Bring Back the Native Bees

Jun 18, 2018 12:30 PM ET
Campaign: You Grow, Girl!

Bring back the native bees

Editor’s note: This is the latest post in our “You Grow, Girl!” series highlighting female farmers – from the northern reaches of Canada to the heartland of the U.S. From the western coast of Africa to the rolling hills of France and beyond. The series amplifies the voices of female farmers, who play vital roles in agriculture worldwide. Here, they share their unique perspectives on food, family and farming. This post is from Tara Chapman.

“Save the bees! The bees are dying!”

“If bees become extinct, humans will only live for four more years!”

Unless you’ve been living in a cave, you’ve probably heard one or all of these refrains.

Are bees critical? Absolutely.

2007 study examined agriculture data from 200 countries and found that fruit, vegetable, or seed production from 87 of the leading global food crops is dependent upon animal pollination—more than 75 percent.

When the scientists looked at global food production from these crops, they found that 35 percent of the world’s food production comes from crops that depend on pollinators.

Although more than three times as many crops worldwide require pollinators, the crops that are wind pollinated are mostly made up of crops that make up a large percentage of our diets worldwide – wheat, corn, sugarcane and rice are all wind pollinated. This is why you often hear the stat that one out of every three bites we take rely on pollinators. If your diet is high in fruits and vegetables instead of grains and sugars, the number for you is likely much higher.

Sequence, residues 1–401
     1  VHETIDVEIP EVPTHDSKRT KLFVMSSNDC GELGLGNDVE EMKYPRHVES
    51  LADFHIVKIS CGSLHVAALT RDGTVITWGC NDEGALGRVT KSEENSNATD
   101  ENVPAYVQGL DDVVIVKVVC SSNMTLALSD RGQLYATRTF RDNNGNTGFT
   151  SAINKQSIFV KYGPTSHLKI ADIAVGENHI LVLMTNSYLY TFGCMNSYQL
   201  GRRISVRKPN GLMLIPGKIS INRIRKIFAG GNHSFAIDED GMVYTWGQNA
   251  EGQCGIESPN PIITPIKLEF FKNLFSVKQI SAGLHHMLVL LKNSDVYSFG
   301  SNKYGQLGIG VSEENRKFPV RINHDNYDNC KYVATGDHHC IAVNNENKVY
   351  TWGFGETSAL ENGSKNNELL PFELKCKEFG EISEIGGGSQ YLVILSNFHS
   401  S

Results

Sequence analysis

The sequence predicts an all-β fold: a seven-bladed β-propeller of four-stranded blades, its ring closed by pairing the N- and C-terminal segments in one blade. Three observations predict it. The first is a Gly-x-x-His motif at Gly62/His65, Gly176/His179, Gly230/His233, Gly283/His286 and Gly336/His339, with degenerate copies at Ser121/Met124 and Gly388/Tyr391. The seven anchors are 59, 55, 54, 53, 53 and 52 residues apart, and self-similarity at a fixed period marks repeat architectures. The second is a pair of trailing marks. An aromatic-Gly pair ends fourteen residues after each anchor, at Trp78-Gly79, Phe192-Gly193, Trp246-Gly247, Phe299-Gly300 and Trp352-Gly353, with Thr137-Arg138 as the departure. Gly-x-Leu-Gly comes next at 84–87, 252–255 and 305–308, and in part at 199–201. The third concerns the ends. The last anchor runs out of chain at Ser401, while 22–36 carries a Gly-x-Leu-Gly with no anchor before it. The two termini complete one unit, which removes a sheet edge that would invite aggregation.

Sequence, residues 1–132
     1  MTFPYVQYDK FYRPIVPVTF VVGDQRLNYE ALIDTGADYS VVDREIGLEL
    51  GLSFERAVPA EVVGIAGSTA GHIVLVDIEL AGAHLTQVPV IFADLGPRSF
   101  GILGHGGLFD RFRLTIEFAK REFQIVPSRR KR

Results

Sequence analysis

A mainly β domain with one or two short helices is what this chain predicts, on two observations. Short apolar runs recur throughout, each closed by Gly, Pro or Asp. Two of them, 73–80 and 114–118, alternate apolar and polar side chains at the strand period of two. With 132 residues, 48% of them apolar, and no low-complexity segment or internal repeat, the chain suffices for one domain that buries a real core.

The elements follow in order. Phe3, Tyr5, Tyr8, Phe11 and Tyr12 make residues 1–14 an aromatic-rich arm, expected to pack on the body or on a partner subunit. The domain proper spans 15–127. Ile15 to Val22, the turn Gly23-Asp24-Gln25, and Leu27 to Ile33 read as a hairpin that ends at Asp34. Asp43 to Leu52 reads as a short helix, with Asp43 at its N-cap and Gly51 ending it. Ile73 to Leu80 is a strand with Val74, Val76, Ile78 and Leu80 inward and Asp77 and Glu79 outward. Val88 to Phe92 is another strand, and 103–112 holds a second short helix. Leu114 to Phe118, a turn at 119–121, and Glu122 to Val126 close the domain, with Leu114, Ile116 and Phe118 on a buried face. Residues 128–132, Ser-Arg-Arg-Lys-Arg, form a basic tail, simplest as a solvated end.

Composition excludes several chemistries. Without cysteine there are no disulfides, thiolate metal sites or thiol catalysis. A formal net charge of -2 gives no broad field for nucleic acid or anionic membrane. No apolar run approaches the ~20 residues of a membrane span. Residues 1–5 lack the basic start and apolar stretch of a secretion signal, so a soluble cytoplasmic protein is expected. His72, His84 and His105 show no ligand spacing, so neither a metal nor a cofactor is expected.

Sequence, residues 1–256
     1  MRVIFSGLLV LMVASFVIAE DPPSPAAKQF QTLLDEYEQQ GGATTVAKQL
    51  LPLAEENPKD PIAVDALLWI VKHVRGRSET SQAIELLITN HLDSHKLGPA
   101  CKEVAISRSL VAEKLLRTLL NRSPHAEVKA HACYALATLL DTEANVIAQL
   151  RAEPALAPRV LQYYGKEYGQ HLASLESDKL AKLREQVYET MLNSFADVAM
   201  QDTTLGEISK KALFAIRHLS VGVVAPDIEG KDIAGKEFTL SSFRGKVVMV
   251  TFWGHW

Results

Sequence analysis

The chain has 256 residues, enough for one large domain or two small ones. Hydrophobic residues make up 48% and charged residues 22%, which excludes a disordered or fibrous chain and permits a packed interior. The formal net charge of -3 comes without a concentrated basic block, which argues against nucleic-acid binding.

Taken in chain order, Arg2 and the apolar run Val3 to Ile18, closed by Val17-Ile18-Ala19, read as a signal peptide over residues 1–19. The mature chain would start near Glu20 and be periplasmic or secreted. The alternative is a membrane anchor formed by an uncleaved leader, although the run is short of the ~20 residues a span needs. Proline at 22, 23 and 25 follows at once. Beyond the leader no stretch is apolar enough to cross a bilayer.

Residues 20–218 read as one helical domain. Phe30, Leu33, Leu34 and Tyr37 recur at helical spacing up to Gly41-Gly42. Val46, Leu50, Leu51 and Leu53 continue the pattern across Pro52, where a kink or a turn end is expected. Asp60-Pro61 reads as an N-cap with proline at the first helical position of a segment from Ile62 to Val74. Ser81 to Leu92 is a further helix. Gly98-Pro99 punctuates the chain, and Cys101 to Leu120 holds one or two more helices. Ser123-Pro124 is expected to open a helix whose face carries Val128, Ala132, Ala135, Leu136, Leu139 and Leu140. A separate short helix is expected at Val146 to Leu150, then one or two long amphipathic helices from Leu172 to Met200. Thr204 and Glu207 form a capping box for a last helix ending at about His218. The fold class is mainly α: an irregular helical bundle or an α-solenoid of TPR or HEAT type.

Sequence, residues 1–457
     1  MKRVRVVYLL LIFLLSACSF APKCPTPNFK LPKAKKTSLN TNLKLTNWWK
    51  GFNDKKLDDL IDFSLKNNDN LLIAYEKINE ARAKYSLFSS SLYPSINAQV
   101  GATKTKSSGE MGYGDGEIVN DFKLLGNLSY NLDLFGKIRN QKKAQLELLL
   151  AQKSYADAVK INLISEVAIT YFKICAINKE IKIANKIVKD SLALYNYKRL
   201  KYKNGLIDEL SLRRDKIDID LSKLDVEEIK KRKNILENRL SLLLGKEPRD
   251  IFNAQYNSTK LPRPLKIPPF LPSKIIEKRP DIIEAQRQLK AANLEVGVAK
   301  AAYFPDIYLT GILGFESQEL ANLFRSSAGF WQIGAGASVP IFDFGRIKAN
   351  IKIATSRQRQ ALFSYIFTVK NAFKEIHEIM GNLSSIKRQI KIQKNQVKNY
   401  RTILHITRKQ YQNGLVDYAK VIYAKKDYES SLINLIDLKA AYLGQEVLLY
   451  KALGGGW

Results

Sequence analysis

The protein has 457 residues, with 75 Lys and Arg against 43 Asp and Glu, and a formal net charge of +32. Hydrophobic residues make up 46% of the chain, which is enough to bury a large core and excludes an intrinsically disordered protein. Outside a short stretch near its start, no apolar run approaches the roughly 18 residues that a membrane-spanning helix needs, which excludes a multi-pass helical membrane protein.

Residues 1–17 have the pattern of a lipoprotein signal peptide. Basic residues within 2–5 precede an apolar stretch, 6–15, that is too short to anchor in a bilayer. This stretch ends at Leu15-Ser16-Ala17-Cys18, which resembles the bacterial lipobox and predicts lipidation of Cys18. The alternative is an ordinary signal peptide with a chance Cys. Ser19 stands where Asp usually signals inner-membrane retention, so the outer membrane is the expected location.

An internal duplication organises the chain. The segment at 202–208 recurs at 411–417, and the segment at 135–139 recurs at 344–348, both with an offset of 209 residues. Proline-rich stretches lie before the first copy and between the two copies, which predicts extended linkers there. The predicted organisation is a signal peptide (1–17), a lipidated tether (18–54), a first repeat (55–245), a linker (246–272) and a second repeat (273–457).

What I am arguing for, however, is that we pay a lot more attention to our native pollinators, and not just honey bees.

When we hear the term “bees” our mind flashes right to honey bees. But there are thousands of species of bees that don’t produce honey.

Quick history of bees

Here’s a knowledge bomb for ya: honey bees are not native to the United States. Yup. At one time, no honey bees lived here. The only continents that honey bees can truly call home are Europe, Asia and Africa. Honey bees were brought to the U.S. by European settlers. However, 4,000 species of solitary (native) bees call the U.S. home.

So why don’t we ever hear of these ‘native’ species?

First, native bees don’t produce honey, and as a somewhat self-serving society we therefore don’t pay them much attention. Solitary bees get no love, because they don’t produce a delectable sweet substance that we can stir into our tea, baked goods and yogurt. 

Second, unlike honey bees, native bees cannot be loaded onto semi-trucks and driven from farm to farm to pollinate monoculture crops. Monoculture agriculture refers to a form of farming practice of growing a single crop in a field or farming system.

The opposite is referred to as polyculture agriculture, in which a farmer grows multiple crops in the same area, providing for a more biodiverse farming system. One of the problems with monoculture is that there not enough pollinators occurring naturally in a system to support pollination on that grand scale.